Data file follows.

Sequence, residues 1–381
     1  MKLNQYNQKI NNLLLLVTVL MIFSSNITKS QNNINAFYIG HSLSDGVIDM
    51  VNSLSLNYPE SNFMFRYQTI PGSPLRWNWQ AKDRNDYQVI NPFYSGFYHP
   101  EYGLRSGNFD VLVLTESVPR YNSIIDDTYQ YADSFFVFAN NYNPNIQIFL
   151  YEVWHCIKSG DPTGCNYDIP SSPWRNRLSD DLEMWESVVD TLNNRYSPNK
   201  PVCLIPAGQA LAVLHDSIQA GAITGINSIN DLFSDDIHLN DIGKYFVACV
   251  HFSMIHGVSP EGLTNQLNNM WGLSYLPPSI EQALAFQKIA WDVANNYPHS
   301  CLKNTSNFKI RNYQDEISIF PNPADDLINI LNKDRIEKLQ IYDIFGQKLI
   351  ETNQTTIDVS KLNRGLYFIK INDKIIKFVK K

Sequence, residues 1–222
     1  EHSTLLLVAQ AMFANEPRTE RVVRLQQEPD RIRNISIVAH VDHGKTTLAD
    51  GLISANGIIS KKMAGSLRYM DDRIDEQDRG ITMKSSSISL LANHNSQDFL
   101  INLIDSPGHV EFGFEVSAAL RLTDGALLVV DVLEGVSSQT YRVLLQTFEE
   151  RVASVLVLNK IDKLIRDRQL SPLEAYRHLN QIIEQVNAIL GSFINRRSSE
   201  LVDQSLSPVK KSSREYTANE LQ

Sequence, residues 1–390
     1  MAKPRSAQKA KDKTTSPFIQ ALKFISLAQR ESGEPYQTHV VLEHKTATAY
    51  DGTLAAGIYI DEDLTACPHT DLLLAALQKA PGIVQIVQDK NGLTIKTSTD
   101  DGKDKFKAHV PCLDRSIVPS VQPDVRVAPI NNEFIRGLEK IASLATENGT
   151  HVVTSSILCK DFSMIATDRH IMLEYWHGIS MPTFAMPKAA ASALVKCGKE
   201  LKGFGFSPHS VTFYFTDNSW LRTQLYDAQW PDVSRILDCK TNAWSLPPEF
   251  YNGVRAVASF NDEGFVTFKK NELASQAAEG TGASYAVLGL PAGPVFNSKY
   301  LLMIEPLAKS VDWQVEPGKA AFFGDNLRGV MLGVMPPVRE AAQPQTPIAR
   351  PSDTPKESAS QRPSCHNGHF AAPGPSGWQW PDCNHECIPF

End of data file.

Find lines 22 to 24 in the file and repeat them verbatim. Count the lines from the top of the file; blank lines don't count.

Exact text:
   251  YNGVRAVASF NDEGFVTFKK NELASQAAEG TGASYAVLGL PAGPVFNSKY
   301  LLMIEPLAKS VDWQVEPGKA AFFGDNLRGV MLGVMPPVRE AAQPQTPIAR
   351  PSDTPKESAS QRPSCHNGHF AAPGPSGWQW PDCNHECIPF